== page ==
If there was anything I appreciated back when I was expecting my boys it was a thumbs up from a twin mom on the other side. Even when they were infants and I had dark circles, milk crusted clothes, a pacifier in my teeth and giant biceps from hauling two baby carriers around, I loved running into a stranger at Costco with older twins or triplets who would give me a knowing nod and say, “It gets easier.” It put the wind back in my sails, for a minute. Then the inspirational music would fade out, she’d walk away, I’d be jerked back into the present by warm spit up traveling down the back of my shirt from the boy I thought was sleeping on my shoulder. Oh well. That little bit of encouragement would keep me going 6 more sleepless nights until my next Costco trip.

Let me tell you, anyone expecting two or more babies and feeling terrified, I’m finally on the other side of toddlerhood and it not only gets easier, it gets awesome. The boys are each others’ best friend. It’s like having a constant play date without having to clean up before the other kid comes over.

I feel like I pushed a double jogging stroller (the kind withOUT the front swivel wheel) up a hill for a few years, and now that we are coasting downhill I’m more worried that they don’t need me to push anymore and the handle will slip away from me. (Don’t worry, I’ll probably let go around the 18 mile marker.)



Filed under Kids, Twins

If You Give a Kid a Camera


At first I was super excited when my 8 year old daughter asked if she could take the camera outside “because there is so much pretty nature stuff out there today.” I thought, “Oh good! She sees it! She sees the colors, the filtering of the midday sun through trees…she is inspired!” So I handed over the camera. (Okay, actually I tried handing over the camera but my hand wouldn’t unclench and release it. The logical side of me kept reminding me that as cute as she is, she has very little in the way of collateral and the camera is probably my most expensive earthly possession. My silent compromise was to use lots of eye contact, do an impression of my mom’s serious voice, and remind her to be extra, extra careful.)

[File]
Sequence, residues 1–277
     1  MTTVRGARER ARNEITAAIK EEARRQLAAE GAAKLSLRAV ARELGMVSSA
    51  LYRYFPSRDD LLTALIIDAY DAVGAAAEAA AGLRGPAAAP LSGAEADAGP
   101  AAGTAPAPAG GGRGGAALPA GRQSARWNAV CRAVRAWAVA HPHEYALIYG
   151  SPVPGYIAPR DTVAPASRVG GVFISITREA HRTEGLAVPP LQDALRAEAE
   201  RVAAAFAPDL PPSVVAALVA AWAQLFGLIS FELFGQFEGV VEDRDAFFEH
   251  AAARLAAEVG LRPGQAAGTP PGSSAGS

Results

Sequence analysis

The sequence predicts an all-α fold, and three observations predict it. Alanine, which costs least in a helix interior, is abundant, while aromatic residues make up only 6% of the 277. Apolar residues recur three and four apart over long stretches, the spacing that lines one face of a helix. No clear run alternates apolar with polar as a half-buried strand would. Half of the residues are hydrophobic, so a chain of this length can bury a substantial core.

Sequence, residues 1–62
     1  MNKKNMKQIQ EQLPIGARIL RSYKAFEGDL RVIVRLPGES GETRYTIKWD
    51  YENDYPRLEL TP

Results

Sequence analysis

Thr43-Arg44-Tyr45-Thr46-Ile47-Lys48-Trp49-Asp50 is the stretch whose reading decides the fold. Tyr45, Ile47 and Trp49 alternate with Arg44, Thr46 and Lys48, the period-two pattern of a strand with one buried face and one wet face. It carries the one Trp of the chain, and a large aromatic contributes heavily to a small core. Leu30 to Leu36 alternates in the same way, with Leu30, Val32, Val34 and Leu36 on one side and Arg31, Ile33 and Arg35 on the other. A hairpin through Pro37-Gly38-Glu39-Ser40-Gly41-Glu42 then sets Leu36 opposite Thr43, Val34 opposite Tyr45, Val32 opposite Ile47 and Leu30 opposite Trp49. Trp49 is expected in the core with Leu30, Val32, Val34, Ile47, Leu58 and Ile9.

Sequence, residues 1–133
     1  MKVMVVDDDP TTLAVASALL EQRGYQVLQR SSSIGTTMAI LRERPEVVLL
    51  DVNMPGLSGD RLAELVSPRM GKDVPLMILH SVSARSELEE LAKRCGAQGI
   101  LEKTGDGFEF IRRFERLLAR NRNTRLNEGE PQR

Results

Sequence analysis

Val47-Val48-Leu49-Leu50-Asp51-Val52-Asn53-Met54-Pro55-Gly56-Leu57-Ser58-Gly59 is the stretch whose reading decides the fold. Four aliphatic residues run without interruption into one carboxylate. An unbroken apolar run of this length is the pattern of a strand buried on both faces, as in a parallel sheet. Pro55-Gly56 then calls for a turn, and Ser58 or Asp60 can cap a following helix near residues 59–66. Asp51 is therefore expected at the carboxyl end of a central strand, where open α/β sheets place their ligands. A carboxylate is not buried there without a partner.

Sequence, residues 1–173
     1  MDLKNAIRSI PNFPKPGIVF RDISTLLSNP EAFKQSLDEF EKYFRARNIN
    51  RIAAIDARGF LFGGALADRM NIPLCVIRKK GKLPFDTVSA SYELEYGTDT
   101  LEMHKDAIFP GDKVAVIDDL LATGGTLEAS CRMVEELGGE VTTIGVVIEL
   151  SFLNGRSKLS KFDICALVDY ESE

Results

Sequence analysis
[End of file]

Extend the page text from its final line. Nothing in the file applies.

When she came back inside five minutes later and said she found a dead frog with “his guts kind of sticking out”, and needed me to take a few pictures of him since she didn’t want to get too close, I decided some people have different definitions of “pretty nature stuff”. I obliged, but before I actually took any pictures she saw something else she thought was even more beautiful, grabbed the camera from me and was gone.

The frog gut project was over before it started, and I was glad. By the way, somehow those are always the pictures that wind up in our screensaver slideshows. Does that happen to other people? You have a friend over for coffee, your kids are playing knights together peacefully, the laptop purrs in the background, flashing 3 second slides of the boys playing in the river, Adeline with a bubble beard, then a graphic close-up of ants feasting on a cricket carcass. The real friends will say, “Gross, what was that?!” But then there are those who act like they didn’t see it, make small talk for a few minutes,  then quietly gather their kids and leave. Probably a good thing. If they had waited two minutes they would have seen the full-screen shot that Joey, amazed by the abilities of our new micro lens, took of Eli’s horrible knee scab.